Thursday, March 24, 2011

From Rural Health to the JayDoc Clinic: A Pre-Med’s Journey

As a pre-med student, I wanted a little taste of what I might experience as a practicing doctor.  This is what led me to the Jaydoc Community Clinic as a volunteer.  I will continue to share with you my experiences!  
I have long suspected that the ever popular Hollywood-created medical dramas may be exaggerating the truth about medicine…just a little.  Shows like Grey’s Anatomy, House, and Private Practice like to glamorize medicine.   These shows feature groups of ridiculously good looking medical professionals that not only go from room-to-room saving lives, but also manage to make their superior lifesaving abilities and knack for looking ridiculously good seem like it is just all in a day’s work.  A day at the Jaydoc Clinic is worlds apart from the Hollywood view of medicine, but I did observe a few similarities. 
Over the past few weeks my time at the Jaydoc Clinic has shown me what these television shows may have gotten right: 
  • The volunteers at the Jaydoc Clinic are composed of some of Wichita’s most ridiculously good looking people, but I won’t focus on that.
  • The practice of medicine is heavily dependent on the relationships and interactions between physicians and their patients. 
 As the weeks go by, I find that as I learn more about medicine, I am also learning more about people, and how my interactions with them can influence their health.
The Straight Shooter
Some patients need a straight shooting physician and a little tough love.  Many of the patients I have seen so far at the Jaydoc Clinic are plagued by chronic health issues and complications that are the result of smoking.  So far, every physician I have observed has taken a direct approach to telling the patient they need to stop smoking.  This statement is usually met with several reasons why the patient smokes, how they have managed to cut back, and why it is difficult to quit.  The physicians are sympathetic, yet they don’t indulge the patients’ reasons for smoking.   The directness of “you need to stop smoking” is often followed by “you CAN stop smoking TODAY and we have some great resources for you that can help you quit.”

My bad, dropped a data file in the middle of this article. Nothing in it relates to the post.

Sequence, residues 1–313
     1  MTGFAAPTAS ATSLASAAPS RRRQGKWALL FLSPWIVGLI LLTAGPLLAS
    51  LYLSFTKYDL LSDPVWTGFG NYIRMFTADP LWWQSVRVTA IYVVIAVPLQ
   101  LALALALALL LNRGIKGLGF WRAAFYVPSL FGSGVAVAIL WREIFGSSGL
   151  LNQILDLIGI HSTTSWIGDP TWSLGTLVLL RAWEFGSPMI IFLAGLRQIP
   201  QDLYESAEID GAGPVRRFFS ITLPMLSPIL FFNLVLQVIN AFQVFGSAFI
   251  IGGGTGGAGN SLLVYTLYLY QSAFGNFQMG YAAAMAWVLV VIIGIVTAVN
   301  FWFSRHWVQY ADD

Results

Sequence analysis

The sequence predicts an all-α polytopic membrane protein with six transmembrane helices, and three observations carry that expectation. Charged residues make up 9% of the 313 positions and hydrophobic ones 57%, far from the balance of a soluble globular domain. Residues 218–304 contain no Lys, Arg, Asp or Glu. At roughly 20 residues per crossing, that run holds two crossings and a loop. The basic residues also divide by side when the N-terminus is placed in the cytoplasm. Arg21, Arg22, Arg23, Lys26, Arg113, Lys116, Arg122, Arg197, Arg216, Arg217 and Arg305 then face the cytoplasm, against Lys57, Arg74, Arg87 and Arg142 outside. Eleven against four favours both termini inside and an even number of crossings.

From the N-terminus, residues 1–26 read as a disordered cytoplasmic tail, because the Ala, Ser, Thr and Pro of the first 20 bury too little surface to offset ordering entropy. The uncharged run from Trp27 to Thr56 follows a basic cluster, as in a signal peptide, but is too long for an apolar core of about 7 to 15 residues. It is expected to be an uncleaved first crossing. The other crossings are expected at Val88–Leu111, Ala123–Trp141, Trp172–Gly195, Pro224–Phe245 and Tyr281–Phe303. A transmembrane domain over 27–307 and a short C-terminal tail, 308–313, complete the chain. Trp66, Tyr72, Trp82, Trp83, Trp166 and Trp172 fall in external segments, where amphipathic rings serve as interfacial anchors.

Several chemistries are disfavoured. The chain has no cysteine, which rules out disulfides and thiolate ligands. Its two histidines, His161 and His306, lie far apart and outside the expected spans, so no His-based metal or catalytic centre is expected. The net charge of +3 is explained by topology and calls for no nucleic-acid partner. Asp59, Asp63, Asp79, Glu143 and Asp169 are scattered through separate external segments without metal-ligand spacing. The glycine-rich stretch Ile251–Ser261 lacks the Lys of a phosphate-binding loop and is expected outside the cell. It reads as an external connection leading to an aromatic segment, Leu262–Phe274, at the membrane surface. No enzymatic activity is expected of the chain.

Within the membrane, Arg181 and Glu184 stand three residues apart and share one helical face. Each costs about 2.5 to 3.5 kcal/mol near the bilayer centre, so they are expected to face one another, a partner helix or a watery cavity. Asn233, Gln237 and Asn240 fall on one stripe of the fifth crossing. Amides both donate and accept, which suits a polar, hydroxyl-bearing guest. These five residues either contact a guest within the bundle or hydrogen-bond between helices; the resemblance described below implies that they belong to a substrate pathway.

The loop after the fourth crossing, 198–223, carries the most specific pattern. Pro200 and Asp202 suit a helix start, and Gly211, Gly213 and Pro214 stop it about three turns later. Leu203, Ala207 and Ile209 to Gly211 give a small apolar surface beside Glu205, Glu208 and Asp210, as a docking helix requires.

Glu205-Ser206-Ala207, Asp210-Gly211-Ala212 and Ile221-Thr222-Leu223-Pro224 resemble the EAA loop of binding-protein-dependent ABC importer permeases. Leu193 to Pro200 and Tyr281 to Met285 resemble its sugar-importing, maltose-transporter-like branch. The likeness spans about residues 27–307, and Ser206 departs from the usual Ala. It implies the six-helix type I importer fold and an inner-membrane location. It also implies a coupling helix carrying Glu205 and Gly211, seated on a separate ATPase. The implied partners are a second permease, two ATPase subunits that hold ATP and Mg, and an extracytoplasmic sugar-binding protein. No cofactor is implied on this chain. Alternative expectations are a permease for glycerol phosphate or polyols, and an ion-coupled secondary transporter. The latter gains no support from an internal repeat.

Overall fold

The physicians, the students, and I all want our patients to be able to stop smoking.   Our enthusiasm and belief in our patients’ ability to quit smoking motivates the patients and I have noticed a change in their attitude towards quitting.  I watched as one patient left the exam room, armed with an entire bag of smoking cessation aids, resource guides, motivational information, and a lot of determination – she was going to quit smoking.  I was excited to see that the patient left feeling encouraged, determined, and supported in their ability to successfully stop smoking and lead a healthier life.
Relate With Me
Patients like to be able to relate to their doctors.  I watched as one of the physicians sat down next to the patient and explained ways the patient could lower their cholesterol and blood pressure.  The physician talked about eating habits and exercise tips that she used in her own day-to-day routine.  The doctor was really excited that the patient was so eager to take control of their health, and that enthusiasm rubbed off on the patient.  The way the physician was able to relate to the patient allowed the patient to see that the tips and strategies were truly doable.  By the end of the exam, the patient left with diet and exercise recommendations that they could immediately implement into their daily routine.  Most importantly, the patient was enthusiastic about making a change that, although difficult, would have a profound effect on their health and well-being.
What I Have Learned (so far)
The little things really do mean a lot to patients.  Simple actions like a smile, a handshake, a sympathetic ear, or kind words can let a patient know you care.  A little tough love and motivation lets a patient know that they can overcome health obstacles and that you truly want to see them succeed.  In the end, I think that the more positive a patient’s health care experience is, the more likely they are to follow through with their care.  Health care providers play a huge role in determining just how positive a patient’s experience will be.  Although the medical dramas fail to portray the medical field accurately, they do emphasize the importance of physician-to-patient relationship as a partnership towards a better health outcome.
-Auburn Weber, Rural Health Education and Services, University of Kansas Medical Center

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